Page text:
In my case I’ll probably cop out and either not write at all or set the story well before bells ring in the new year 2020. (The many writers of Brexit novels couldn’t see they had the same problem, although the agents and publishers who rejected them did. Nor did they realise readers might be bored or repulsed by the subject matter, or, if interested, would by the time of publication know more about it than the author.)

Are writers in other genres any better off?

There are some great possibilities for crime writers. Smuggling and doctored vaccines come to mind, although it would be hard to better The Third Man. But plots can’t include: empty domestic property (though lots of empty workplaces); meetings, rallies, parties, institutional education, entertainment, non domestic accommodation, public events or sports venues. There’ll be no unobtrusive shadowing people through crowded streets or detectives interviewing ancient relations in care homes. Characters can’t travel far from home, let alone internationally, or use public transport without sticking out like a sore thumb; and they’re unlikely to go to hospital unless they have Covid-19. The public, bored at their windows, will denounce anything out of the ordinary for the sheer fun of it before the plot can develop; hunches will be hard to follow up and helpful contacts go awol; the criminal fraternity will be preoccupied looking after number one.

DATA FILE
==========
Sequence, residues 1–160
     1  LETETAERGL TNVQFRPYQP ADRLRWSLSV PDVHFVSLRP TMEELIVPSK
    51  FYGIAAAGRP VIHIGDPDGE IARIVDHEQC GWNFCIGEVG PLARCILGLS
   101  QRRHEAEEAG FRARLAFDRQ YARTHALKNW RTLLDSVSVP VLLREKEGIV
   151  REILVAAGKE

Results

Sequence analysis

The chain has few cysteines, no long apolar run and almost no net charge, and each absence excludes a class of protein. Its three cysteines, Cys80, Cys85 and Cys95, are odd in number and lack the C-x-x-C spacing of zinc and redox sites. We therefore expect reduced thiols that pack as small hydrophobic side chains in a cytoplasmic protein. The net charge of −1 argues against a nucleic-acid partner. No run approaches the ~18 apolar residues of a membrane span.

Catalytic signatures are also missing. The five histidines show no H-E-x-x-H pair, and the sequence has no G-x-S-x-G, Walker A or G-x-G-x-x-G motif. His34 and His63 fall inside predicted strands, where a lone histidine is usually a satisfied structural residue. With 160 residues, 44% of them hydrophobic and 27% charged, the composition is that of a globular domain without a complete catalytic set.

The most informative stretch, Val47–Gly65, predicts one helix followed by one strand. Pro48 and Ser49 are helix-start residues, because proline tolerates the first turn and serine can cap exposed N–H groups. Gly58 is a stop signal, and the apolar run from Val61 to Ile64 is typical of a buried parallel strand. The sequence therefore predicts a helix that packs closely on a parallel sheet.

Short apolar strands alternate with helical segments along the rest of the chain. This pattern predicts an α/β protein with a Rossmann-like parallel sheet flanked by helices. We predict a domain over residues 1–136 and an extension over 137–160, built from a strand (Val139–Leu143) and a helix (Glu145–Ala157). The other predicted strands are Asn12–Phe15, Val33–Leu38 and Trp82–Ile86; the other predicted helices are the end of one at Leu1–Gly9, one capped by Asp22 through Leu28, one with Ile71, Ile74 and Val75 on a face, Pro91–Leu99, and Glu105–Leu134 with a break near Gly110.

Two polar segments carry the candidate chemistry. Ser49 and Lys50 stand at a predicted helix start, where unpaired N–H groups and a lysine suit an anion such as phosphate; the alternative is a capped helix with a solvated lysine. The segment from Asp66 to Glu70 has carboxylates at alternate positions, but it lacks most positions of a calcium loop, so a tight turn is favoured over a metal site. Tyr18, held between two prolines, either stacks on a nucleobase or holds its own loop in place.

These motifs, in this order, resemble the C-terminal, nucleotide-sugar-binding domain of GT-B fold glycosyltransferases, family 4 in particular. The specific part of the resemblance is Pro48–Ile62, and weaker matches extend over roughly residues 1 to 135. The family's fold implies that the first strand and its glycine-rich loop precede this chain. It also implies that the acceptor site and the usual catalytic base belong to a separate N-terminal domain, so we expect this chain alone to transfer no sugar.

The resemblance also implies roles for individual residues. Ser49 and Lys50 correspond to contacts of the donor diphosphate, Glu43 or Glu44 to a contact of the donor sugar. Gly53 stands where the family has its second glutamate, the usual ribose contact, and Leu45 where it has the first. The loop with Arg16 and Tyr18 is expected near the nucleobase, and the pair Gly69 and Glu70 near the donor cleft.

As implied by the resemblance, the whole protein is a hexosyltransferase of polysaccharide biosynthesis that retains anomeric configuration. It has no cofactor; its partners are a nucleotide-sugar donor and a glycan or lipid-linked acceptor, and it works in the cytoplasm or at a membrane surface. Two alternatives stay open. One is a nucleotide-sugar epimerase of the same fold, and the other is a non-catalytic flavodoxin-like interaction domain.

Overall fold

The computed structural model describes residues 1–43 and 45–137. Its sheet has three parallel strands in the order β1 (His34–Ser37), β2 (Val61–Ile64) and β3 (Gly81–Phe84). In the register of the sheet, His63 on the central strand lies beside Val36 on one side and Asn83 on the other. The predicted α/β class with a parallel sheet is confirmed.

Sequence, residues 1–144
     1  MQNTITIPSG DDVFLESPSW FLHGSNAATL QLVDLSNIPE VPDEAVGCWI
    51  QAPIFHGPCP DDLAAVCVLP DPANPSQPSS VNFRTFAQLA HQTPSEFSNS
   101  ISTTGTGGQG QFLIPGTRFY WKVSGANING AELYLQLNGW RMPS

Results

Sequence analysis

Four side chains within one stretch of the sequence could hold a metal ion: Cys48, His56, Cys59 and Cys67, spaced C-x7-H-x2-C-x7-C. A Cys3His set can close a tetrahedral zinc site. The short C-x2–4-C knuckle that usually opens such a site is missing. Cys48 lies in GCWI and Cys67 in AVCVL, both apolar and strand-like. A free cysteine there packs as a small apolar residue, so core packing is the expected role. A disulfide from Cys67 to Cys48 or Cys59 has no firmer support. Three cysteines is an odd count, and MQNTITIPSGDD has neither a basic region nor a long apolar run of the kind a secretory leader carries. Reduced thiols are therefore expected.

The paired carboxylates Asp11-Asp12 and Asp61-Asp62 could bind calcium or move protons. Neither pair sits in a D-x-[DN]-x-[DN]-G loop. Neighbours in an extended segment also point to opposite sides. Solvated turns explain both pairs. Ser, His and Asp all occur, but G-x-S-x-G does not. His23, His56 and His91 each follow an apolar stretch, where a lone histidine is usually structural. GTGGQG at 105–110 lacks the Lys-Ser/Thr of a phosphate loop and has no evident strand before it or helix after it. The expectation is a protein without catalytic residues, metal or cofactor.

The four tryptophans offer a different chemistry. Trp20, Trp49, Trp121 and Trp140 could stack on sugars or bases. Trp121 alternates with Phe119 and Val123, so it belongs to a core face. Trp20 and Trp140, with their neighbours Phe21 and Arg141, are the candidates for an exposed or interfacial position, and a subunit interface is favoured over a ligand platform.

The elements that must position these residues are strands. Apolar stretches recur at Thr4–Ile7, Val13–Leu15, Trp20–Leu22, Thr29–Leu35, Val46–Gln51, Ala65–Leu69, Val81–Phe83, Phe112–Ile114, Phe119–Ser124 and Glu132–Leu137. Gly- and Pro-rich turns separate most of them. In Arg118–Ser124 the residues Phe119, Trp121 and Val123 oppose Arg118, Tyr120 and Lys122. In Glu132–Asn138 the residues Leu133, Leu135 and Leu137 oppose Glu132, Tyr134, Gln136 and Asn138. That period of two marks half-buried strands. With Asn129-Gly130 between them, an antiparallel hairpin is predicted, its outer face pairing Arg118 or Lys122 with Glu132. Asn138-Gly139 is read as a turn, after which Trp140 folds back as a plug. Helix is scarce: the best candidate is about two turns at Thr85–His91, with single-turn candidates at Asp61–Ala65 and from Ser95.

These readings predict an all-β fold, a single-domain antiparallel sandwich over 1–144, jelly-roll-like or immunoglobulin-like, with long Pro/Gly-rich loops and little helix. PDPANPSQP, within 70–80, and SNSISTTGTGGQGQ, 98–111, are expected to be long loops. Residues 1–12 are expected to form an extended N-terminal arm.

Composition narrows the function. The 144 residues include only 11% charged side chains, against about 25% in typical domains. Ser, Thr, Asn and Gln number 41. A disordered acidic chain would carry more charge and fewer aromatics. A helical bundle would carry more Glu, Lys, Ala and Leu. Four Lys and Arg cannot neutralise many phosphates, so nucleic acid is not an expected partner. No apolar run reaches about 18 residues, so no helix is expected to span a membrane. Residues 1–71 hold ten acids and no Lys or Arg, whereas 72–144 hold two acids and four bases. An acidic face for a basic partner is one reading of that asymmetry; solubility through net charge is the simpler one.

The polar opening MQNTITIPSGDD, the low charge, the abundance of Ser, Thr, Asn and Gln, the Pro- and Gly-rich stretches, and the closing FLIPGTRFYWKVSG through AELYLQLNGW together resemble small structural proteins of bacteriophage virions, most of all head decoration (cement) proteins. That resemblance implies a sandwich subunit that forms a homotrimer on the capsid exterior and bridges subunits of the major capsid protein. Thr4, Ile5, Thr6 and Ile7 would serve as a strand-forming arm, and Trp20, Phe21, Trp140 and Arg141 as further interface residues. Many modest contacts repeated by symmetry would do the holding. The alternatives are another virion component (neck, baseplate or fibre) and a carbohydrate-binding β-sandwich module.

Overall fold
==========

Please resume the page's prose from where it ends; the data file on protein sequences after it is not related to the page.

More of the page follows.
Romance is online only. Strangers can’t find love in bars, theatres, parks or at dinner parties. Physical contact is ill-advised even if they do meet. Attractiveness, let alone kissing, is just not the same with everyone in face masks. The media and a vigilante public hamper running secret affairs. Office romances don’t work from home and young nurses are too haggard and stressed to catch the eye of hardworking doctors. Lady Chatterley is indoors social isolating with her vulnerable husband and even Mrs Bennett reluctantly recognises now is not the time for matchmaking. Blood vows and pacts, balls, weddings, or christenings? Certainly not! Whether cops or lovers, characters will have little change in routine or conversation to propel the narrative forward. No chance meetings, few coincidences, most of their time spent staring at screens. Today’s idea of a giddy whirl is solving a Sudoku while the lockdown beer loaf bakes, and optimism means hoping the Patience will work out.

It’s easier for some authors. In the Fantasy genre anything can happen. (That’s why I tend not to read fantasy; I prefer the tension of limited possibilities – though not as limited as currently.) History is already over, so barring differences of interpretation and fact selection, fictionalising events involves the same storytelling skills it always did. As for Horror, Science Fiction and Dystopia – well. That’s what we’re in now, isn’t it? I predict most 2020 novels will fall into these categories.

A week is a long time in pandemics so having had the idea for this post, I’m not waiting till my usual Friday to publish. It might be out of date by then. I also wanted to remind you that The Magic Carpet is on promotion at only 99p until the end of May, if you’d like to visit an unfashionable London suburb between early September – 14th October 2016. Bizarrely, it’s currently selling better in Germany than the UK, but those pre-virus, post Brexit referendum days, just after Eid 2016 and still pre-Trump, may now hold a strange kind of charm and they’re still just about contemporary.